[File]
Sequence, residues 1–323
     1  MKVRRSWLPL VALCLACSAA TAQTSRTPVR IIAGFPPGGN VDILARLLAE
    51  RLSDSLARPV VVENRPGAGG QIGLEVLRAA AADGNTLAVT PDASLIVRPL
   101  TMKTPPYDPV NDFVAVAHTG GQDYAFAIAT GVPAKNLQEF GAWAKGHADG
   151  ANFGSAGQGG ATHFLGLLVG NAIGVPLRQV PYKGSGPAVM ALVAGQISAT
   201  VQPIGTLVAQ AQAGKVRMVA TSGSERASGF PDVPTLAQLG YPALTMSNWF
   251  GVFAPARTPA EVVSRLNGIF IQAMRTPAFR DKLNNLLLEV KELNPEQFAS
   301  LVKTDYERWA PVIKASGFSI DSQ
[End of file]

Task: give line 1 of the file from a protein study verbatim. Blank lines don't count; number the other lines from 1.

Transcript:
Sequence, residues 1–323